A proper and thorough workup needs to be done to identify the triggers as they vary from patient to patient. Some eczemas can really impact the quality of life of patients.
Eczema is a chronic debilitating itchy condition of the skin, so when you first visit a dermatologist, he will ask all about the age of onset of disease because Eczema looks different in childhood than in adulthood. In childhood, it starts in the folds of the skin, but as you grow, it can affect any part of the body. It is an immune condition meaning that the immune system reacts too strongly and inappropriately to a variety of triggers, ranging from food to clothing to products or ingredients.
Identifying the type of eczema is the prerequisite to form an effective eczema treatment plan. Hence, a detailed history regarding aggravating, relieving factors for your condition, number and duration of episodes, the difference with weather and climatic conditions, family, and history of previous and current medical treatment will be asked.
It is always useful to keep all your medical records handy. The doctor may also order some blood workup, Doppler USG for varicose veins, Patch tests to know allergens in case of contact eczema, examination of skin under dermatoscope, KOH test sampling and fungal culture of scales from the skin, physiological examination of skin biophysical parameters using tewameter, pHmeter, can be done. In some resorts, a skin biopsy may be required to make a diagnosis.
There is a wide range of treatment options available depending on the severity, extent, and duration of the condition.
Upon consultation, a dermatologist will recommend a personalized treatment protocol for you, tailored to your particular case of eczema which may include some moisturizers or maintenance medications to help restore the protective skin barrier and reduce the penetration of irritants into the skin.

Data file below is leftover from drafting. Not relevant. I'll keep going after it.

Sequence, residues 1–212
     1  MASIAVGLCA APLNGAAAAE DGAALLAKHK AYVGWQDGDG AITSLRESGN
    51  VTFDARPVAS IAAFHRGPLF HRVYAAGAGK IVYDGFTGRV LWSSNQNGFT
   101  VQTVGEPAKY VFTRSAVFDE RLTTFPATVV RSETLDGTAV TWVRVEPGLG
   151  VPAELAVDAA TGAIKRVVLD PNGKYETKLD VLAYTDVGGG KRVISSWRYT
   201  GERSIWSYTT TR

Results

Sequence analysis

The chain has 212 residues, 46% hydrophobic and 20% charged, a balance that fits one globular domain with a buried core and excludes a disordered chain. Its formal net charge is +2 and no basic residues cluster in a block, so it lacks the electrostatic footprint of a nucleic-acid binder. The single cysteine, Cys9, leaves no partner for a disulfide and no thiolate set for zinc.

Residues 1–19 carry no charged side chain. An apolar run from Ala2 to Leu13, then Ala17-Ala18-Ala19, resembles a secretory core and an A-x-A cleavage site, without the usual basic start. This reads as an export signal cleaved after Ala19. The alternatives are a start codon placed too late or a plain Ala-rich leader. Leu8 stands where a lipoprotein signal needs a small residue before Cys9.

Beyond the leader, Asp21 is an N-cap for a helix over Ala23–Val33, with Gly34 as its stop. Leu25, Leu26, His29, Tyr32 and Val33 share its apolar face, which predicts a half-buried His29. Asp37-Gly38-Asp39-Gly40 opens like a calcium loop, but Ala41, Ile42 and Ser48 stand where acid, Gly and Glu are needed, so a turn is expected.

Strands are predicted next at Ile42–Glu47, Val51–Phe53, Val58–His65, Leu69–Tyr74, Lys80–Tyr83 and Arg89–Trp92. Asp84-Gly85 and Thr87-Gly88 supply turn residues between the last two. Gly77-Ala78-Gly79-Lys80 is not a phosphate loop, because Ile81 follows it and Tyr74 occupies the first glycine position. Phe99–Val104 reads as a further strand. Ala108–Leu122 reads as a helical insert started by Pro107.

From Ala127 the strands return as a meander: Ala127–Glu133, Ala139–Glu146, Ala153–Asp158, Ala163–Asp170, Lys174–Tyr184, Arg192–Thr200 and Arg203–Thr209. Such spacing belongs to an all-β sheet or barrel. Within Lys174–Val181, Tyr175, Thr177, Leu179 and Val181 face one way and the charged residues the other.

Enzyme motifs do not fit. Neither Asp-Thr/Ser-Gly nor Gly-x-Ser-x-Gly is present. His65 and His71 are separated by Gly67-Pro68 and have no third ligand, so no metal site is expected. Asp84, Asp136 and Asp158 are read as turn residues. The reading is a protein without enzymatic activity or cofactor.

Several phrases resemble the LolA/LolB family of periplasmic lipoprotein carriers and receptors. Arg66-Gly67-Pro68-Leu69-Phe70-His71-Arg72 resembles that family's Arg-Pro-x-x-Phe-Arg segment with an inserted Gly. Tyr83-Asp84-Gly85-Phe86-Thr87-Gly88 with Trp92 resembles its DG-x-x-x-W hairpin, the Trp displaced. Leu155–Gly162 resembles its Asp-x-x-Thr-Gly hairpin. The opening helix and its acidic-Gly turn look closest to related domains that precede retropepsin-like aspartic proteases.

Regular and generous use of emollients is advisable in eczema to keep the skin barrier working. An emollient is a type of moisturizer containing Ceramides, Shea Butter, Hyaluronic Acid, free fatty acids, cholesterol, glycerin, etc. that helps to soften the skin. Eczema disrupts the outer skin layer and leads to a loss of water. Hence, causing excessive skin dryness, itching and rough skin texture. In the case of mild or moderate eczema only emollients may be enough to soothe the skin.
The emollient acts as a barrier and also provides much-needed moisture to the skin. Thus, calming the red, itchy skin.
Emollients are available as creams, ointments, and lotions. Patients with eczema should also use emollient-based cleansers for washing, which do not foam like regular soaps but are just as effective at cleaning the skin.
2. Topical Steroids
During periods of active eczema or flare-up sessions - the skin can become very red, itchy, sore, blistered, and weepy. So, topical steroids are suggested along with the emollients to help reduce inflammation in the outer/topmost skin layers.
Topical steroids are available in the form of creams, ointments, lotions, scalp applications, plasters and tapes. There are four different strengths of topical steroids available: mild, moderate, potent, and very potent. The ideal strength of a topical steroid varies from person to person depending on the severity of the flare-up, affected body part and other treatments being used.
Your dermatologist may prescribe you Topical steroids for short periods of time such as 2 days a week to the areas where eczema usually flares up. This is a preventive strategy applied for those suffering from severe eczema. It is also referred to as ‘weekend therapy’.
3. Steroid-alternative Treatments
Topical calcineurin inhibitors (TCIs) are a form of topical treatment for eczema. These are safe steroid alternatives to control eczema flare-ups. There are two types: pimecrolimus) and tacrolimus). These do not have side effects like steroids. One may experience warmth or burning sensation after the application of TCI but it is normal and one should not discontinue the treatment because of this reason. These treatments are licensed in India for the treatment of eczema in adults and children over the age of two.
Other alternative treatments that are used less frequently for the management of eczema are phototherapy, bandages, and antibiotics or antiviral medication to control secondary infection.
Those with severe eczema may require oral treatments to control the immune cells that trigger eczemas such as oral immunosuppressants- steroids and steroid-sparing immunosuppressants, omega 3 fatty acids, probiotics, and prebiotics.